Warning: This may be a slightly controversial post.
“Lucky” is my least favourite word in the English language.
There is a specific context in which it is my least favourite and that is when people say I am “lucky” to be living in Ireland or “lucky” because I have travelled a fair bit.
Which part of it is luck, may I ask? In regards to living in Ireland, I worked my ARSE off to be here. I’ve wanted to go to Ireland my entire life so after graduating college, I spent weeks researching how to stay in Ireland for an extended period of time and I paid for everything: my flight and all of the activities and adventures I had while I was here. The same goes for round two of Ireland // the present. I am not living on someone else’s dime. I am paying for my education, my living expenses, etc. etc. Everything. Nothing was handed to me. I also didn’t “win” a sweepstakes for a free plane ticket to Ireland, land and have a magical leprechaun hand me permanent residency. That would be luck. No. Instead, I wanted to go to Ireland so I worked really hard to make it happen. As a result, I am living my dreams.
In regards to the travelling I have done (including my round the world trip last year), I have gotten lots of “you’re so lucky”s!! Again, please do tell, how was that luck? A blessing, yes. I am blessed; however, luck did not put $12,000 in my bank account so I could travel 38,000 miles around the world. Hard work for 3 years (and two jobs for one of those years!) and saving every penny put the money into my bank account. Luck also didn’t plan the trip for me. I spent a full year planning my trip and it was easily one of the most stressful (and equally amazing) things I’ve ever done.
Another example is when my sister and I won a trip to go to the Grammy Awards in L.A. in 2012. We were told we were lucky constantly and this is when we started to hate the word. If we won this trip through a random sweepstakes, it would have been luck, but alas, it was not a sweepstakes. Again, we worked hard to win this competition. We spent hours every day for one week trying to figure out the songs in a montage of music where only a split second was played of each song. The fact that we were the only ones to get these correct tells you how incredibly difficult it was.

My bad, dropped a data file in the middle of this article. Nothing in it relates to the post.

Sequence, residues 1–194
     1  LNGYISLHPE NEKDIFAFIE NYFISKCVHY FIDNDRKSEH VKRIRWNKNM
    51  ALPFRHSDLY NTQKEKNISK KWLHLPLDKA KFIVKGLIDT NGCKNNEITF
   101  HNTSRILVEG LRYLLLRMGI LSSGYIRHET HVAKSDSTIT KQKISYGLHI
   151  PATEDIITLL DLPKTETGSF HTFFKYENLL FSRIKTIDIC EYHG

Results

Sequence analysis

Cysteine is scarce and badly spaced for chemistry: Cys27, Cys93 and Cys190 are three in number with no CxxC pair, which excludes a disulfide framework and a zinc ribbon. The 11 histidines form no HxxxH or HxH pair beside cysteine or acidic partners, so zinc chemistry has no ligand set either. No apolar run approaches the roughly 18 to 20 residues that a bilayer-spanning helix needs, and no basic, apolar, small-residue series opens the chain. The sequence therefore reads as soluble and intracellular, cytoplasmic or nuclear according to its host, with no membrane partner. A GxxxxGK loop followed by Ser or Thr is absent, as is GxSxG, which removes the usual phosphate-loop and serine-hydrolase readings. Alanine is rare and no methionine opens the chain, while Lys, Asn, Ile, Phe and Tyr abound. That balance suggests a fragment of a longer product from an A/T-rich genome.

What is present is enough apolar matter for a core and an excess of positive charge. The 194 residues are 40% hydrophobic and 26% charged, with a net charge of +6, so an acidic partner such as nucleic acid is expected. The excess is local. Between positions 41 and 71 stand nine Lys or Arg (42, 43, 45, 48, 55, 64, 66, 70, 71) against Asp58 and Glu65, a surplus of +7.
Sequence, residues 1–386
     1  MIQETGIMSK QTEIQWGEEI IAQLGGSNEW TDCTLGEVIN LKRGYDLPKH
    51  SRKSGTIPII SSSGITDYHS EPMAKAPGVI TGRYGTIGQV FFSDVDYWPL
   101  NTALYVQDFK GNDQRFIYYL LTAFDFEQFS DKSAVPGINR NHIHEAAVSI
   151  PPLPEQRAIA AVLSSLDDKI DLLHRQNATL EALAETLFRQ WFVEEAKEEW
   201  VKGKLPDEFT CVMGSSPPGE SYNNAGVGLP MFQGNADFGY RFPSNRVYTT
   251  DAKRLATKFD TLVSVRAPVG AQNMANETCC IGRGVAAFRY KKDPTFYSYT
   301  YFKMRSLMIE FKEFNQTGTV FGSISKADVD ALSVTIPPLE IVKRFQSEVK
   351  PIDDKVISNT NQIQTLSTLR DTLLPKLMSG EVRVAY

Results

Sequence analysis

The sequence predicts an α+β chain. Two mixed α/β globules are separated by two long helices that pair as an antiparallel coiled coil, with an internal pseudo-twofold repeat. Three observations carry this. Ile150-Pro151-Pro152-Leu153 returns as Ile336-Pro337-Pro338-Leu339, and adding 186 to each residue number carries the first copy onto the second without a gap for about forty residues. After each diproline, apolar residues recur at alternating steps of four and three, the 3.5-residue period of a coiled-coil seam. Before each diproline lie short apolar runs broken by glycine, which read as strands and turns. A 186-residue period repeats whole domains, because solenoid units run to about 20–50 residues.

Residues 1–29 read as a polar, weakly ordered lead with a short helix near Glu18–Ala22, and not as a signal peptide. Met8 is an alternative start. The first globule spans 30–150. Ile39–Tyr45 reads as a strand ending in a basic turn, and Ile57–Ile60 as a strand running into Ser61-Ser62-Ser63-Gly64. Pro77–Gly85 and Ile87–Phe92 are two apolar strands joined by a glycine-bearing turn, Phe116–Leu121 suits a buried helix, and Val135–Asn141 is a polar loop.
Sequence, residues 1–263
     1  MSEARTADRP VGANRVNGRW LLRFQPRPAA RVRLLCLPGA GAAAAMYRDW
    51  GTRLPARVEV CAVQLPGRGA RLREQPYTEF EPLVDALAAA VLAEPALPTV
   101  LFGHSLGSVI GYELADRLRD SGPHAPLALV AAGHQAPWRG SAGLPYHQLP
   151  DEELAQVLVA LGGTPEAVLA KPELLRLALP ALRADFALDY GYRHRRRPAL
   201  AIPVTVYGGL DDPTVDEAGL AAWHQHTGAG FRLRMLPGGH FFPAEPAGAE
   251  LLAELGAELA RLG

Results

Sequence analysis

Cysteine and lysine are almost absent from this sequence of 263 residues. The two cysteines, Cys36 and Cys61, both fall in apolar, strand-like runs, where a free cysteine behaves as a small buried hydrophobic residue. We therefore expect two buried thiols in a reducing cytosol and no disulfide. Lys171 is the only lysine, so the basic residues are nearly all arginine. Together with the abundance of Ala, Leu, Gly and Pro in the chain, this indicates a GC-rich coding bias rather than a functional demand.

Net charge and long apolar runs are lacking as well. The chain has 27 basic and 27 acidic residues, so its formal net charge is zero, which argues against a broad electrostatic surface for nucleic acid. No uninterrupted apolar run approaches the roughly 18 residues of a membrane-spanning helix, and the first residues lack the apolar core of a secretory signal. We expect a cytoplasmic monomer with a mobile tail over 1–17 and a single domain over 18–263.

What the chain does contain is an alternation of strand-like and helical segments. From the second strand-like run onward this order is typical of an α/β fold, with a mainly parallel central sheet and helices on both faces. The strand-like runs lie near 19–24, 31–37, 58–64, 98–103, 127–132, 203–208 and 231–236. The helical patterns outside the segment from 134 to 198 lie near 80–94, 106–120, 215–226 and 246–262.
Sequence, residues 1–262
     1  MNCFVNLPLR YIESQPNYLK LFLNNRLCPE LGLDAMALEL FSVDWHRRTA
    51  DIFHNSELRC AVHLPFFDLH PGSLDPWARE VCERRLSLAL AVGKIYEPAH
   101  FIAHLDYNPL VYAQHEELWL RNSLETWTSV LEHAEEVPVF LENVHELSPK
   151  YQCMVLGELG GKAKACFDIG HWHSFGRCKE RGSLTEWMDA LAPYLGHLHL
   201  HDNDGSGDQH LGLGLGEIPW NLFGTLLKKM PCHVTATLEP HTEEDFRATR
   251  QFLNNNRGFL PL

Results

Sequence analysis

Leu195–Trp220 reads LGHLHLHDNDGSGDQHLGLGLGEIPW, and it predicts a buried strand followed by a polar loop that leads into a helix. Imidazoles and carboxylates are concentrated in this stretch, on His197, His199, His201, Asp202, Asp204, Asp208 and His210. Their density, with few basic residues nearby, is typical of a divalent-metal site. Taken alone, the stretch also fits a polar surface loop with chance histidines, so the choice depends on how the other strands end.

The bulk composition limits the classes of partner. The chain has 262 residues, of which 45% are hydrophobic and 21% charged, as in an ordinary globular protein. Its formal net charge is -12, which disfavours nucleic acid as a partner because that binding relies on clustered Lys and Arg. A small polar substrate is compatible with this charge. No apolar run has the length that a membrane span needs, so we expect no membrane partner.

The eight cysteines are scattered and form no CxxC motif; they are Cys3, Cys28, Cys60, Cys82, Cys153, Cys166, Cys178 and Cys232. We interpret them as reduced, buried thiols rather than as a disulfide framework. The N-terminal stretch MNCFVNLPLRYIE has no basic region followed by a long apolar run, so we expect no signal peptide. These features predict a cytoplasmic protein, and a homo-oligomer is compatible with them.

I must also acknowledge that part of all of this is luck: I was and am very lucky and fortunate to have been born in the U.S. and into a middle class family who taught me and encouraged me to live my dreams. There are billions of people in the world who will never be able to afford a plane ticket or even a bus ticket out of their hometown. I am well aware of this. I met a lot of people in this situation on my trip last year, many of whom became good friends. Meeting them made me realise that I am lucky in a big way. I suppose I just do not appreciate the word coming from a Westerner who has all of the opportunities I do and simply chooses to live their life differently. If you’re one of these people, you might think you can’t travel or live abroad, but you can. I have sacrificed a lot to live my dreams but it is all worth it. This may mean not shopping for clothes, not getting that daily or even weekly Starbucks coffee or not going out for lunch/dinner or drinks very often, but it’s all about priorities.
I also want anyone reading this who knows me personally to know that my life is not all positive and dream-like. I do not spend my days frolicking through the rolling green hills of Ireland and chasing rainbows (okay, some days I do, just not every day). I also do not travel nearly as much as I would like to. After all, I am a student paying international fees! I am a Master’s student, I have a part-time job, I volunteer and in between all of that, I try to have a social life (sometimes I fail). I am living a fairly regular life but it’s an extraordinary life and I am happy. So very happy.
I really like to keep my blog (and my life) positive and don’t like to have this negativity on here, but I feel this had to be written. Next time you wish to tell someone that they are “lucky”, please think about it first.